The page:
The Nuggets’ were a playoff disappointment, this is a fact hard to deny, but the extent to which some fans are slamming on the panic button is not alarming only due to the fact that it is a depressingly predictable response. The insanity of sports fans knows no bounds when it comes to their team and they, when left to their devices, would run roughshod over everything from the organization to the players.

In this time of vengeful bitterness, born from the melancholic daze of once again failing to advance, I implore perspective. Think about where this team was at the beginning of the year and where it is now, think about the expectations coming into the season, and the ultimate goal of starting the maturation process for a youthful team still in transition.

This past season is in ashes. The eventually unwieldy cathedral built upon ever loftier expectations was burnt to a crisp through lack of shooting, a shaky front court rotation, and (most importantly) Golden State’s otherworldly performance. And yet the preverbal phoenix of renewed hope has already begun to rise, as it does after the death of every season, and has already adeptly avoided the heaps of water aimed at giving it an early death.

And so it begins again. A promise of set and restrained expectations that will inevitably get broken and the hope for a better season than the last. The insanity that is the eternal infliction of all sports fans deem that this coming season will most likely again end in disappointingly familiar anguish, and yet even acknowledging this I cannot help but be excited for whats to come. The beautiful unknown with all its limitless potential that makes up every offseason is ahead of us, made even more intriguing by the transitional state of the team and the flexibility of the roster.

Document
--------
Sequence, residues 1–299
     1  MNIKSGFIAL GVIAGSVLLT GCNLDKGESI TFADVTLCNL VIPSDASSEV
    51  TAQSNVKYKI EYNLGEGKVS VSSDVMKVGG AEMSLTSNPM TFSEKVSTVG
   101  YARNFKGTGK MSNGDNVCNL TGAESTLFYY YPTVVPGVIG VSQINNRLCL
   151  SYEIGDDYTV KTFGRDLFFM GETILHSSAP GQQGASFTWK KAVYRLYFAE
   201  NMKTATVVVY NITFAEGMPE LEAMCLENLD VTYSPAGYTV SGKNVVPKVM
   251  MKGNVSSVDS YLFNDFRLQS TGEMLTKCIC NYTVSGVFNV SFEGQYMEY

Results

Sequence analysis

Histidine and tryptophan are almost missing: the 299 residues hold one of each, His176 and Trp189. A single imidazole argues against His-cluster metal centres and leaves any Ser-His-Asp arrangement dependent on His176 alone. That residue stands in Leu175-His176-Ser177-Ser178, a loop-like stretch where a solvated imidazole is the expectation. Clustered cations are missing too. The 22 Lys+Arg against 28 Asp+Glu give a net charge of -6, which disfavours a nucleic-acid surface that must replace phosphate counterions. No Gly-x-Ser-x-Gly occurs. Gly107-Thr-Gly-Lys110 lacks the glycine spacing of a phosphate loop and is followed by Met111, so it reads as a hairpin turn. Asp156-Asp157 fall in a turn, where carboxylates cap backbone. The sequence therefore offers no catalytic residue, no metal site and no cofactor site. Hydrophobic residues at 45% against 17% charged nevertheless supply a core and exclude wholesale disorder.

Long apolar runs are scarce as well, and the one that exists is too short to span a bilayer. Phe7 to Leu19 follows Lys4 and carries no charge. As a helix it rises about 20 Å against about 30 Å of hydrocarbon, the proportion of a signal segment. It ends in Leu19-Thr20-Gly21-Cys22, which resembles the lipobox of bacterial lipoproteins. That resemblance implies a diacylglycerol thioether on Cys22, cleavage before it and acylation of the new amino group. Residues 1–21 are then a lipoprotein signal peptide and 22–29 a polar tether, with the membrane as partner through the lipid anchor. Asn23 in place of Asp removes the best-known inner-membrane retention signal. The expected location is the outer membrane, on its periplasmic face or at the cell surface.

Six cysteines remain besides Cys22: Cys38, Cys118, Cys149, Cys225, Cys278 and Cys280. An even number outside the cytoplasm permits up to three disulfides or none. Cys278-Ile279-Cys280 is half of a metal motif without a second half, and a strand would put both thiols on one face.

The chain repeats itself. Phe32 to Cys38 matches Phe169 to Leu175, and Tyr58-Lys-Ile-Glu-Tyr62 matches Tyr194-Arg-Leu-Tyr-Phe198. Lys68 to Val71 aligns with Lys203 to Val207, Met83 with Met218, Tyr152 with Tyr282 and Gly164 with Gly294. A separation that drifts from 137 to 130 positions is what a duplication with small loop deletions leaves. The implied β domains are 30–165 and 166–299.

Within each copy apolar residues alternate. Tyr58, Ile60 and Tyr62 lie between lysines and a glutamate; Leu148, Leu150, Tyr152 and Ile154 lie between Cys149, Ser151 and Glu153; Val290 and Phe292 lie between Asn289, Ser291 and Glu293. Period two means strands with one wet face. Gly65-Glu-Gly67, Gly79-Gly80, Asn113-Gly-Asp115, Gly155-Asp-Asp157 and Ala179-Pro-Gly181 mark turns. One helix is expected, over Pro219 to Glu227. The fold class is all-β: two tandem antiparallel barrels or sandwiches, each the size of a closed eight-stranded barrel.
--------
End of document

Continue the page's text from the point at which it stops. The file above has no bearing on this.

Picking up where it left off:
And thus this blog begins, rising from the Warriors induced ashes and into the uncertain future. We will mourn the great season that was, evaluate where the team is now (player by player), and where they are headed going into next season.

By definition, insanity means doing the same thing over and over and expecting different results and history tells us we are most likely going to end this coming season in a similar place as the last. But the ride to get there is what keeps us addicted, no matter the predictable sad ending. They say misery loves company, so with that extraordinarily depressing maiden voyage of a post into the NBA blogosphere, I welcome you to A Game of Nuggets.